Too Rich for Manchester


This the first of two articles on Manchester’s 18th century son, Samuel Lee.

Samuel Lee (1694-1753), 49, moved with his family to Marblehead in 1743.  It was a bustling seaport, with a large fishery, a growing merchant fleet, and 4,000 inhabitants.  The town that they left behind, Manchester, across Salem Sound, was a village of a few dozen fishermen and farmers.

Samuel was evidently determined to raise the fortunes of himself and his children.  In Manchester, as a master housewright (building contractor), his business often took him out of town; and he was well acquainted with Marblehead—the birthplace of his wife—where, for the past 15 years, a booming commerce had led outsiders to move in and set up as tradesmen and merchants. 

It is likely that his wife, Mary (Tarrin) Lee, had died in Manchester in 1742-3.  Her death may well have been the event that convinced him to move away.  His eldest sons, Samuel (Jr.) and John, were married and had their own homes.  Samuel thought that his daughters, Mary, 23, and Abigail, 10, and younger sons, Jeremiah, 22, and David, 14, might thrive in big Marblehead, where the import-export economy was robust and where newcomers could crack the upper social ranks.  Samuel likely sought the challenges of a new setting and new business opportunities to console himself over the loss of his wife, and to find a new one.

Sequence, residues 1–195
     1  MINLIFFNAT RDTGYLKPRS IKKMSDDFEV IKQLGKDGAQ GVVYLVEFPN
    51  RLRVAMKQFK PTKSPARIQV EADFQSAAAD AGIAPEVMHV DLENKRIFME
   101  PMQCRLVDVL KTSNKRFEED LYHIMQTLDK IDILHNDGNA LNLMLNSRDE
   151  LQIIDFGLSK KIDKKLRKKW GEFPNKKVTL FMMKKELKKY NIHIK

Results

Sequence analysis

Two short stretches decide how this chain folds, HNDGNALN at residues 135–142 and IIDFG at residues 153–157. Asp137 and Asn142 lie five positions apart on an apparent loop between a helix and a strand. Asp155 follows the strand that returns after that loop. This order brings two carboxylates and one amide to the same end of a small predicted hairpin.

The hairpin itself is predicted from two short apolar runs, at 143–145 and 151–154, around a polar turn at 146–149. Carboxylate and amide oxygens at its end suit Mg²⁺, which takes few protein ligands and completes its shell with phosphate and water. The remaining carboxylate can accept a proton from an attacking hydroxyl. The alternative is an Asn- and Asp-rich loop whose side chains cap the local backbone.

A son of Manchester, young Samuel learned his father’s building trade and rapidly advanced to mastery by his late teens.  At the unusually young age of 18, this whiz kid married Mary Tarrin, 22, the daughter of fisherfolk, in 1712; they would have at least 13 children, of whom Jeremiah was in the middle.  He may have been sociable; and perhaps he was precocious growing up in Manchester.

By the time of his fourth son Jeremiah’s birth in 1721, Samuel Lee, 27, was a leading man of the village.  Since 1717 he had been paying a higher tax than his prosperous father.  At the town meeting, he was elected town treasurer in 1716-1718, and assessor and selectman in 1721 and many times after.  In 1723 he, a housewright, built a gristmill where the brook ran into the harbor.  Evidently, he built commercial buildings (as well as houses), for in December 1723, he (“Mr. Samuel Lee Jr.”) was hired by eight Marbleheaders to build them a large warehouse on a new wharf, which Samuel may also have built.  He probably had similar clients in Salem and Boston, which would account for much of his prosperity.

In 1725, aged 31, Samuel Lee Jr. built a fine house opposite Manchester’s town landing (site of 19 Central Street—see illustration).  He would be elected town clerk, yearly from 1725 to 1738; and he was appointed justice of the peace, in February 1734, after which he was known as Justice Samuel Lee. He did own at least two enslaved people, Stephen and Dilly (Dilla), whose daughter Flora would move to Marblehead and son Caesar would remain in Manchester with Samuel Lee 3rd. 

Samuel was chosen moderator of the Manchester town meeting in June 1742; and in April 1743, he purchased a large house and land on Marblehead’s Training Field Hill (still standing at 183 Washington Street).  Justice Lee soon turned over his Manchester houses to his older sons, Samuel 3rd and John, and moved to Marblehead.

Robert Booth is director and curator of the Manchester Historical Museum, which is currently hosting an art show of local artists.  Come down and see it, or to chat with Bob more about the fascinating life and times of Samuel Lee.

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